On the world stage, al Qaeda is decimated, and Osama bin Laden is either dead or on the run, incapable of directing his shrinking army. Afghanistan is liberated, and -- for the first time in a generation -- its children can look to the future with hope. Saddam Hussein is in custody, his regime is destroyed, his weapons programs terminated, and one of the Middle East's great nations is enjoying its first taste of freedom in decades. The liberation of 50 million afghans and Iraqis and the continued war against terrorists in Afghanistan and Iraq has cost us dearly, but the results are obvious. Libya has terminated its weapons of mass destruction program, Iran has agreed to an international inspection regime, and we are beginning to see the stirrings of democratic revolution not just in Iran but also in Syria.

But even in the midst of war, we have found the time and resources to reach out to the world's poorest and weakest citizens. This administration's Africa AIDS initiative has done more to address and combat that deadly plague than all other previous government actions combined. We are now the world leaders in providing funding and treatment for children and adults who previously suffered without solace and without hope.

Despite these accomplishments, our work is not yet complete. The battle continues in Iraq -- with our troops in daily combat. The remnants of al Qaeda and the Taliban lurk in the Afghan countryside, eager to exploit any weaknesses. Our enemies have been weakened, but they have not yet suffered final defeat. So, they wait and hope . . . they hope for America to repeat the mistakes of the past, to give up on its allies, to shy away from the blood and toil of war. But so long as this administration exists, they will wait in vain.

At home, we must work hard to complete the economic recovery. My administration began the long road to economic recovery with a simple argument: Americans will spend more when they have more money to spend. So we cut taxes -- not just for the rich, but for everyone. And those tax cuts worked. Our economy is gaining strength every day. The stock market is going up, unemployment is down and the prosperity of the American family is increasing.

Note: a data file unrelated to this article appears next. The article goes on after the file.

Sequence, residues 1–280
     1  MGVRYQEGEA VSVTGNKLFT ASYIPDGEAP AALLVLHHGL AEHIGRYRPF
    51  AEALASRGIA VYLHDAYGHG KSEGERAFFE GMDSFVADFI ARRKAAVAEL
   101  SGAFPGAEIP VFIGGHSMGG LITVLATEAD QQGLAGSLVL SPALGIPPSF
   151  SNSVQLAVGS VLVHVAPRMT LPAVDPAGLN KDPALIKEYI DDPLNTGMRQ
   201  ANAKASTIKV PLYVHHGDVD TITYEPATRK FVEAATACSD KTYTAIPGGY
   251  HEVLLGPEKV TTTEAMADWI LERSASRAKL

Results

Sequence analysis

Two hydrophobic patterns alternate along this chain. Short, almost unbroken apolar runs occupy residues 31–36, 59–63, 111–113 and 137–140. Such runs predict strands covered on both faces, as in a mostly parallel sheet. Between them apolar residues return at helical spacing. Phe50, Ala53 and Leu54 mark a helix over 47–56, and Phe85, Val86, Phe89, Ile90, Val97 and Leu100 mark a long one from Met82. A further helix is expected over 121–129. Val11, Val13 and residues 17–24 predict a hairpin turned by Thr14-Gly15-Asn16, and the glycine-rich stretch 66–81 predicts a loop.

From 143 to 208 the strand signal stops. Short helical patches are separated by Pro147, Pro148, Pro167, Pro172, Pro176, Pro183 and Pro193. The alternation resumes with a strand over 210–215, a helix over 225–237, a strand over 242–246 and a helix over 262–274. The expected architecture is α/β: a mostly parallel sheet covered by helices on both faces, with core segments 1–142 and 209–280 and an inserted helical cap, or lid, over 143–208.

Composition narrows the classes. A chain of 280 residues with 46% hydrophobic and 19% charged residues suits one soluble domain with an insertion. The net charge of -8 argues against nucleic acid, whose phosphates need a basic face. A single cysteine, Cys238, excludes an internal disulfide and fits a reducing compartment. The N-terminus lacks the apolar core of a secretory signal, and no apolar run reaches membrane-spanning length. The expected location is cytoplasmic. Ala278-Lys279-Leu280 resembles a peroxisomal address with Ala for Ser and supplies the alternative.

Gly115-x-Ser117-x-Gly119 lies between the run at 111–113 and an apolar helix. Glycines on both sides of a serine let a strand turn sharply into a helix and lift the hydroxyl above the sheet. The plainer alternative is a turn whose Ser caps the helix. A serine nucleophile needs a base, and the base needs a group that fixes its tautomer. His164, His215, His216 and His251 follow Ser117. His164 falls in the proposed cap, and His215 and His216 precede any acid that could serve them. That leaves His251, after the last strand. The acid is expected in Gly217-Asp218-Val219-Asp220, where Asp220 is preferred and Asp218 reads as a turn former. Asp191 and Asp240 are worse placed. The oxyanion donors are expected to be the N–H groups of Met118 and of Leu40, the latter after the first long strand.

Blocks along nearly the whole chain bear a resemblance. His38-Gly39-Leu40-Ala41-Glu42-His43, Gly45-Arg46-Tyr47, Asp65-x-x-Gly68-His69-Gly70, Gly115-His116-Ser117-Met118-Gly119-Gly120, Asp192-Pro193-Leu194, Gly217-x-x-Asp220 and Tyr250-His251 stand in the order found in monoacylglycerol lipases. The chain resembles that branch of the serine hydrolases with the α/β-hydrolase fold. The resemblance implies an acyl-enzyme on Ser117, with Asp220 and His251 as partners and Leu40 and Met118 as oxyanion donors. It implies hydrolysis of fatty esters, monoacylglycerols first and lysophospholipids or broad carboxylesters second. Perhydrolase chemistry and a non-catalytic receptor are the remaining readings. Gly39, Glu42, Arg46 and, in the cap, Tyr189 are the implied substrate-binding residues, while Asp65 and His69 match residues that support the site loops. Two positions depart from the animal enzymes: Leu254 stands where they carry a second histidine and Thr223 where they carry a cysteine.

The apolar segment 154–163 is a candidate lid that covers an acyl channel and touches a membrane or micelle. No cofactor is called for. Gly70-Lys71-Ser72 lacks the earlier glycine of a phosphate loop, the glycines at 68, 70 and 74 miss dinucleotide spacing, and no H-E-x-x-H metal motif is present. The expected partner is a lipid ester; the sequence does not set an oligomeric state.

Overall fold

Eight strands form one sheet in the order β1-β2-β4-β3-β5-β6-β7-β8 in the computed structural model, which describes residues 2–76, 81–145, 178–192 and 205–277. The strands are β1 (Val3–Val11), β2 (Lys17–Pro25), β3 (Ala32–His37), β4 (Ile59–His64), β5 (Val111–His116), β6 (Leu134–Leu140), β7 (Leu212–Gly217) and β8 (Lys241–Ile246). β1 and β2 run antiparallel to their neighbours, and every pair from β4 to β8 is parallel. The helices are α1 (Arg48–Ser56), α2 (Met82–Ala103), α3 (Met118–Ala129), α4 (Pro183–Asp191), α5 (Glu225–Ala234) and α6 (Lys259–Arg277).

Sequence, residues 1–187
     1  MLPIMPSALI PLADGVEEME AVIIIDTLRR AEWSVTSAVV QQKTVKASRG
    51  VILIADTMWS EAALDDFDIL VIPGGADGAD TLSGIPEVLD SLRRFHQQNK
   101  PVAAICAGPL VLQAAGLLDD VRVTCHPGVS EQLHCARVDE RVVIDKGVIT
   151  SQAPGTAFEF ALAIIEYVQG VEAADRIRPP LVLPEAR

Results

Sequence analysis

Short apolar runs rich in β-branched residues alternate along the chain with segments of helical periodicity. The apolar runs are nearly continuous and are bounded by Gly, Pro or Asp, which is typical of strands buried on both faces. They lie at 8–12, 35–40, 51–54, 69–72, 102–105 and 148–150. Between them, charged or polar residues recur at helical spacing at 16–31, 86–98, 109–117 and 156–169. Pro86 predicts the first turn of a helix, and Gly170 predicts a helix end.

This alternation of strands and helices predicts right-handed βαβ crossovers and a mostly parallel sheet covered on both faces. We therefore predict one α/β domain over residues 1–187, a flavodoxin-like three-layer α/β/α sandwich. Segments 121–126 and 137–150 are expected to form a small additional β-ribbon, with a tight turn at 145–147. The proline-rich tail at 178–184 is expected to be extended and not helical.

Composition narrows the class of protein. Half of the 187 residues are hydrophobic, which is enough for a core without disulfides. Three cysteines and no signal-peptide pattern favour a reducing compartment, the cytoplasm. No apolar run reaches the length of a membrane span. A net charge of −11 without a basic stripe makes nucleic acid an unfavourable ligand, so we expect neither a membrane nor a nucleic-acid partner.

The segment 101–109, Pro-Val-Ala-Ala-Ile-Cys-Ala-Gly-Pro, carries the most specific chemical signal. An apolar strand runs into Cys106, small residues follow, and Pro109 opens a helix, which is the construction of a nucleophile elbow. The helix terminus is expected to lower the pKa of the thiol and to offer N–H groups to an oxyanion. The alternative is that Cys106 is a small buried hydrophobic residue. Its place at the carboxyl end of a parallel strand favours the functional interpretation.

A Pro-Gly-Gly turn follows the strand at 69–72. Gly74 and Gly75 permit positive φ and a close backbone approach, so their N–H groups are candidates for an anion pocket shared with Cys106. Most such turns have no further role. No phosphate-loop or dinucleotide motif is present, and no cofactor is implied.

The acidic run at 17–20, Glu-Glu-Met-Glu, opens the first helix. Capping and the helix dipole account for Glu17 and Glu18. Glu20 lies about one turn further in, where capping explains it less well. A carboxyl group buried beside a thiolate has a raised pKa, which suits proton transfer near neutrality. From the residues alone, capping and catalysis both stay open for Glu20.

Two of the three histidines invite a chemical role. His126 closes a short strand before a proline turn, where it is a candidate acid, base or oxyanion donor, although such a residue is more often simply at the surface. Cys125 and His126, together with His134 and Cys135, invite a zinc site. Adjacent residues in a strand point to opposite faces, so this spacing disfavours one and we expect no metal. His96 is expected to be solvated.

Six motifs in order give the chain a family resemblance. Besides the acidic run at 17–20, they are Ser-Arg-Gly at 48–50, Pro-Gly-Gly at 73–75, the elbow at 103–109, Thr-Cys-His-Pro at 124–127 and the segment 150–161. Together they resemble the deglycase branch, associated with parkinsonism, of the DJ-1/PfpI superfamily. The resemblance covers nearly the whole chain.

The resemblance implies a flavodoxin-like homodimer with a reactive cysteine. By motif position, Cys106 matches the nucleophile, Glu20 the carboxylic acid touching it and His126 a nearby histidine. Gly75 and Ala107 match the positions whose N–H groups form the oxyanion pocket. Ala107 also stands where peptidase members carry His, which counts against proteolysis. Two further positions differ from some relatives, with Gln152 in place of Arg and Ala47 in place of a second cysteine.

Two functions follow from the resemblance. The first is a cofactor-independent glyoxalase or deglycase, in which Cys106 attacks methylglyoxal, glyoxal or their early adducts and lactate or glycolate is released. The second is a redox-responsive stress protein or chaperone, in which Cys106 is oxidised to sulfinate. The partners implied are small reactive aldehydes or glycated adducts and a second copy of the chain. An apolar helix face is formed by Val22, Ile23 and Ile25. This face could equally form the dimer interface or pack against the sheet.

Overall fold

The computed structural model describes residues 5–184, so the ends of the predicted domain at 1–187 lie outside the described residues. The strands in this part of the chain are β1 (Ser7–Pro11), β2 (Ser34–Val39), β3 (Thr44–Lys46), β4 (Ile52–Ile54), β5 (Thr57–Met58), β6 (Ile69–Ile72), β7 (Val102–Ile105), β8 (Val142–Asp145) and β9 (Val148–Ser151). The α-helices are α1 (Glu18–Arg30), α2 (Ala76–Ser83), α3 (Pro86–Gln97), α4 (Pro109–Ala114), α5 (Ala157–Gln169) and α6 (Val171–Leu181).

So what must we do now? We must stay the course. We cannot roll back the tax cuts. The recovery will not be completed by taking money back out of the hands of Americans and placing it in the hands of the government. We must also reduce the deficit, a deficit that has grown as we've fought through war and recession to liberate millions and restore economic growth. In my next term, we will use the fruits of prosperity to hold the line on spending and reduce the deficit by more than half. In my next term, we will make our tax cuts permanent, so that Americans will have greater resources to spend on their families and their futures.

My opponent, unfortunately, disagrees with this agenda. My opponent wants to turn back the clock. Believing that the terrorist threat is exaggerated, he wants to view our fight against terrorists not as a war but as a police matter, an issue for law enforcement. This policy has been tried before, and it failed. The ruins of September 11 bear witness that a law enforcement approach is perceived as weakness and that police actions do nothing to destroy terrorist sanctuaries and do nothing to deter or defeat rogue regimes. For decades, America treated terrorists as criminals rather than enemies and for decades terrorists grew in strength. We must not return to the failed strategies of the past.

My opponent wants to turn back the clock in foreign policy. The last three years have taught us that we cannot delegate our national security responsibilities to others. American security is an American responsibility, and we cannot expect the French or the Russians or the Germans to either understand our security needs or to endorse our security actions. We will continue to reach out to all our friends, but we reach out not for permission but for cooperation. My opponent wants to return to the days when America did not act unless all of its allies agreed it should act. Terrorists and rogue regimes were not impressed or intimidated by this deference and instead viewed the inevitable delay and indecisiveness caused by accommodating all viewpoints -- no matter how unreasonable -- as an opportunity to plot, to plan and to kill.